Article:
World War II Crimes: Holocaust Memorial Rebuilt Outside Far-Right Politician's House by German Activists

Bjoern Hoecke of the right-wing Alternative for Germany (AfD) stands outside the former Nazi concentration camp Buchenwald near Weimar, Germany, January 27. The art collective Center for Political Beauty (ZPS) has put up a Holocaust memorial outside Hoecke’s house in the tiny village of Bornhagen. Hannibal Hanschke/Reuters

Bjoern Hoecke, a leading politician in Germany's far-right AfD party, sparked outrage at the start of the year when he criticized Berlin's world-famous and highly acclaimed Holocaust memorial.

"Germans are the only people in the world who plant a monument of shame in the heart of the capital," Hoecke said, according to Reuters.

Now, 10 months later, a group of German artists have come up with a powerful response: They have built a replica of the memorial outside Hoecke's rural home.

According to the Spiegel news magazine, the art collective Center for Political Beauty (ZPS) has put up the work outside Hoecke's house in the tiny village of Bornhagen, tucked away in a remote corner of central Germany.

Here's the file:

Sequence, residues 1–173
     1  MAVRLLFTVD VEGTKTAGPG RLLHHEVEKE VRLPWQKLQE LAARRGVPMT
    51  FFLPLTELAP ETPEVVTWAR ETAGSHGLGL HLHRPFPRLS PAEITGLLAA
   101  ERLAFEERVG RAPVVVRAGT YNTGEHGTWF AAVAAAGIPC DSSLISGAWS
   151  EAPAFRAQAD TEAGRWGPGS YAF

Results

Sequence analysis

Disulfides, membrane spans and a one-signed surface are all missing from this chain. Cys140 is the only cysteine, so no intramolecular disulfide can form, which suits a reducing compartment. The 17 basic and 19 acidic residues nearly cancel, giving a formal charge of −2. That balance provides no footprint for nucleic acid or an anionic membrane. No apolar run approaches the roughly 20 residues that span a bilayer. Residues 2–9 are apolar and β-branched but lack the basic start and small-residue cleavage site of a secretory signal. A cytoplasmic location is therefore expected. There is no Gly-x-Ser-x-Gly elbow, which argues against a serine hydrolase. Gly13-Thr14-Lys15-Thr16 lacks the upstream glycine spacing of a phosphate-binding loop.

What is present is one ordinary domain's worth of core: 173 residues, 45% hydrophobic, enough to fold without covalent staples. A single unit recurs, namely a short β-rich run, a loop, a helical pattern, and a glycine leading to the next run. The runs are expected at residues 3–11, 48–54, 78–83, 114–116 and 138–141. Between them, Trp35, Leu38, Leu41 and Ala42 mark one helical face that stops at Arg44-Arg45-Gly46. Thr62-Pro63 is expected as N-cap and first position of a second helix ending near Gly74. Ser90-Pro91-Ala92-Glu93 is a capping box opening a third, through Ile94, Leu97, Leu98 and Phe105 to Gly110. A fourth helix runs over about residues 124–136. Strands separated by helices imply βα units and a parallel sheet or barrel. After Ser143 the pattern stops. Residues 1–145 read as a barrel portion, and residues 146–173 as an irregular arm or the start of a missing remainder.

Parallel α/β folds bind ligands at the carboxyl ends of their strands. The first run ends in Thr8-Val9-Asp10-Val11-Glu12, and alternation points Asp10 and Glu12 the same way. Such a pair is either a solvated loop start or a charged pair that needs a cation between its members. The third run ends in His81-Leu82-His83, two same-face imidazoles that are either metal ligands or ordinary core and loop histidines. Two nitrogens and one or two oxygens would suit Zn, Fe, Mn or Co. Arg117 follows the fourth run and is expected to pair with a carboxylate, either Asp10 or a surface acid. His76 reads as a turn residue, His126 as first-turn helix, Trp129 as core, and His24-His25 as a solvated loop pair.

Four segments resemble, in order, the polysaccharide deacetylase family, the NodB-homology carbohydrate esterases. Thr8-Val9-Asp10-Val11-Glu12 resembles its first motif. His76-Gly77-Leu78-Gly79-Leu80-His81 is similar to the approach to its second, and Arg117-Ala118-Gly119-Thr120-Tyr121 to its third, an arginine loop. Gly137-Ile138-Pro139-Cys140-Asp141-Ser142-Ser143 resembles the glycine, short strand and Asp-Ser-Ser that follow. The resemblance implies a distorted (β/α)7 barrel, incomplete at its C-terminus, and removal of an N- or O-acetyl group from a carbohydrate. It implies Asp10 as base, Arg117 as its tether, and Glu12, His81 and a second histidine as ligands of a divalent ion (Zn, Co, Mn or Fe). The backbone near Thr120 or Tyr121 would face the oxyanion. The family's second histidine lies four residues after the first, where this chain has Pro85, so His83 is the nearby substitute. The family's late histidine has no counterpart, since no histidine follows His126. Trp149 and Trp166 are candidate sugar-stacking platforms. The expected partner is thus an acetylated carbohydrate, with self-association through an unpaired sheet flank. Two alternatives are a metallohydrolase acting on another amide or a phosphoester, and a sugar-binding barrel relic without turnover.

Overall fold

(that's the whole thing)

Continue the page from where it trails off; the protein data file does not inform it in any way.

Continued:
The memorial includes 24 concrete blocks, which mimic the roughly 2,700 pieces arranged in the capital to form Peter Eisenman's original Memorial to the Murdered Jews of Europe.

"The enormity and scale of the horror of the Holocaust is such that any attempt to represent it by traditional means is inevitably inadequate," Eisenman said of his work in 1998. "Our memorial attempts to present a new idea of memory as distinct from nostalgia.... We can only know the past today through a manifestation in the present."

"We are slower than the media, but also more thorough," ZPS founder Philipp Ruch told Spiegel. "The Dresdner speech [in which Hoecke made his comments], which misses any serious argument about the annihilation of 6 million lives, may have shaken us more deeply than anything "

ZPS has also been living near Hoecke for much of the year, watching his comings and goings and operating what Ruch calls an "intelligence service for the poor."

"When [Hoecke] falls to his knees in front of the monument and asks for forgiveness for the German crimes in the Second World War," Ruch said, "then, for the time being, we will rescind civil society protection of the constitution and [will] not publish spicy details from his life."